Measuring violence related attitudes, behaviours, and influences among youths: a compendium of assessment tools

Published3rd June 2014

The compendium is designed to provide researchers and those interested in prevention with the tools to assess violence-related beliefs, behaviours, and influences–with a particular focus on the evaluation of programmes to prevent youth violence.

The document itself is currently accessible–though the accessibility of the tools that it points to may be subject to change.


“The document summarises more than 170 measures relating to four broad categories: attitude and belief assessments; pyschosocial and cognitive assessments; behaviour assessments; environmental assessments.

Sub-topics include:

Attitudes and beliefs related to: aggression/delinquency; couple violence; education and school; employment; gangs; gender roles; guns; television.

Psychosocial and cognitive factors related to: aggressive fantasies; attachment to role models; attributional bias; depression; emotional or psychological distress; ethnic identity; fatalism; future aspirations; hopelessness; hostility; moral reasoning; likelihood of involvement in violence; perceptions of self; personal safety; responsibility and citizenship; self control; self esteem; sense of caring and support; social consciousness.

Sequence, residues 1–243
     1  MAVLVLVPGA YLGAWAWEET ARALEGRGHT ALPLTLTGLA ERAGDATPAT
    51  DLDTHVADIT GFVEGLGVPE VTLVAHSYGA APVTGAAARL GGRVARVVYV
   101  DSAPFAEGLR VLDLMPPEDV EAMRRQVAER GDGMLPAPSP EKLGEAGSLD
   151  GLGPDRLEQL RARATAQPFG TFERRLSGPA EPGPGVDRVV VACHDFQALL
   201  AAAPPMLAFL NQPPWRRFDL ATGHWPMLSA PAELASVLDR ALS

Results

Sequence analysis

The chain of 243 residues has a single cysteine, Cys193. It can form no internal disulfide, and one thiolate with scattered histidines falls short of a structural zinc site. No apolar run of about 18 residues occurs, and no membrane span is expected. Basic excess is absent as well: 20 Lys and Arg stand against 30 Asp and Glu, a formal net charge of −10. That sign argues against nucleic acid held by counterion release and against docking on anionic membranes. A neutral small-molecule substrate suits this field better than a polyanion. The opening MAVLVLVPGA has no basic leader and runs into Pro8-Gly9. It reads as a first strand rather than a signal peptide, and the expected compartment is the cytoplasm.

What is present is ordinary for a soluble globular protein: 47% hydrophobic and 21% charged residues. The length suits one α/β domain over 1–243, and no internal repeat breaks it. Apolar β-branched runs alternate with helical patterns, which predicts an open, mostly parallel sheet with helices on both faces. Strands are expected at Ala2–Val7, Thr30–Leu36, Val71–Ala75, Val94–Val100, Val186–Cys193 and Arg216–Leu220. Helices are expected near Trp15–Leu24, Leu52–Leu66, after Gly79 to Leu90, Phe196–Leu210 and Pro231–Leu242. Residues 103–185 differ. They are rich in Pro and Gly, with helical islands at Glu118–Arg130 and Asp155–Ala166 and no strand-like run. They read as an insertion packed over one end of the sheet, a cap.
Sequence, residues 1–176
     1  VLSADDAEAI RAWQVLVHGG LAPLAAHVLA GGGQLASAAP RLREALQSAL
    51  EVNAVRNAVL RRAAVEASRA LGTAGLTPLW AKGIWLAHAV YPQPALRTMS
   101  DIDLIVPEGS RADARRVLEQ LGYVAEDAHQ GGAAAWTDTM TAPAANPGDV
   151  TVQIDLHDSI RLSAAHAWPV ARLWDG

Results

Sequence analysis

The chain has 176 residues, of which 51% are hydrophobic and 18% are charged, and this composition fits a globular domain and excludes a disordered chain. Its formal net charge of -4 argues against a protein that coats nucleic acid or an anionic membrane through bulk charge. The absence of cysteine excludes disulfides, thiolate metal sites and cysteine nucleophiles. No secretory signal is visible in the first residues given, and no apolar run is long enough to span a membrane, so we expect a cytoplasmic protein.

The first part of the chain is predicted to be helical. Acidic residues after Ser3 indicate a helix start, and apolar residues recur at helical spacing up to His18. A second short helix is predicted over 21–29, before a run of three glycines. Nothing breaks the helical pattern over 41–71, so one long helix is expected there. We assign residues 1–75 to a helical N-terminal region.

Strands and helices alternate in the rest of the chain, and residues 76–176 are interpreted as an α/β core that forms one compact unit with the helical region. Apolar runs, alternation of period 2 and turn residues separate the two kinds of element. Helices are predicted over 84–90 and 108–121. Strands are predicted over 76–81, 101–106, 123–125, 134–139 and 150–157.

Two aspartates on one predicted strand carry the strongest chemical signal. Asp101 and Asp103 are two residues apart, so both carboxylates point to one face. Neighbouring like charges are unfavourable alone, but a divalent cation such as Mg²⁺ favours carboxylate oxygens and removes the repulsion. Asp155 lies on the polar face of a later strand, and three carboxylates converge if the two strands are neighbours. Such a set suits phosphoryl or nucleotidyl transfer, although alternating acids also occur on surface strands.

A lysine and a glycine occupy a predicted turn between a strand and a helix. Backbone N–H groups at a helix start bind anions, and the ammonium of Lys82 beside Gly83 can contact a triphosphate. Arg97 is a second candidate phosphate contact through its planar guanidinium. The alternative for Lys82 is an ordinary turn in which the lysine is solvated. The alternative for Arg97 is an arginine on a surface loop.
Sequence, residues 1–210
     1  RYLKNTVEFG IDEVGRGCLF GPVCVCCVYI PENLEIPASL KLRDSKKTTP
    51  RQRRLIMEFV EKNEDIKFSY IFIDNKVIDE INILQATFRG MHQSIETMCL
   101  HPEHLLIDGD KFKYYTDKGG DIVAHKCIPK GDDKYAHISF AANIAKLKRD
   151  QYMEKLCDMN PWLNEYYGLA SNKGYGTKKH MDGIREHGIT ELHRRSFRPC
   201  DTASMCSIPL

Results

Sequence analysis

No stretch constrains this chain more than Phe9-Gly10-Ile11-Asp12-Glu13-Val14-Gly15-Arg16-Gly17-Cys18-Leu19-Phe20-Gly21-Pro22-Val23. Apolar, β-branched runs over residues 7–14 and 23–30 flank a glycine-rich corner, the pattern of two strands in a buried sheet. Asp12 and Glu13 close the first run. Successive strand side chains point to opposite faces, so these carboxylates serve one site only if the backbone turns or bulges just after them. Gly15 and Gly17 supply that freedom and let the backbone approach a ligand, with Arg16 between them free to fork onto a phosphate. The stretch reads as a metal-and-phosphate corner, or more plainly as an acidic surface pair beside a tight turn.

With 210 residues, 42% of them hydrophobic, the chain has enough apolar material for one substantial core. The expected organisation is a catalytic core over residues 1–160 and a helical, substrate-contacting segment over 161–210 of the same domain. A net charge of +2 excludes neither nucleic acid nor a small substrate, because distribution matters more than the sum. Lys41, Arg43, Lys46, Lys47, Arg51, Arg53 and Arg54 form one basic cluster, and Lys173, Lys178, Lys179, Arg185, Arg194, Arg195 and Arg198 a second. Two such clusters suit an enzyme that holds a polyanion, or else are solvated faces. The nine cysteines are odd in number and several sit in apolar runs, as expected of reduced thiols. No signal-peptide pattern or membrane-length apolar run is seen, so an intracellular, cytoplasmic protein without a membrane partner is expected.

Behaviour assessments relating to: aggressive and violent behaviour; concentration; conflict resolution skills; dating violence; delinquent and disciplinary behaviour; drug and alcohol use; exposure to gangs; handgun access; impulsivity; leisure activity; parental control; safety and threats; social competence; social problem solving skills; victimisation; weapon carrying.

Environmental assessments relating to: disciplinary practices; family communication; family conflict and hostility; family relationships; parent-child relationships; parental attitudes towards antisocial behaviour and aggression; parental involvement; parental monitoring and supervision; quality of life; collective efficacy; community involvement; community resources; exposure to violence; fear of crime; neighbourhood cohesion; neighbourhood disorganisation; neighbourhood integration and exchange; neighbourhood satisfaction; social control. “


Details of the developer of each scale are included, which would facilitate making contact in some cases.

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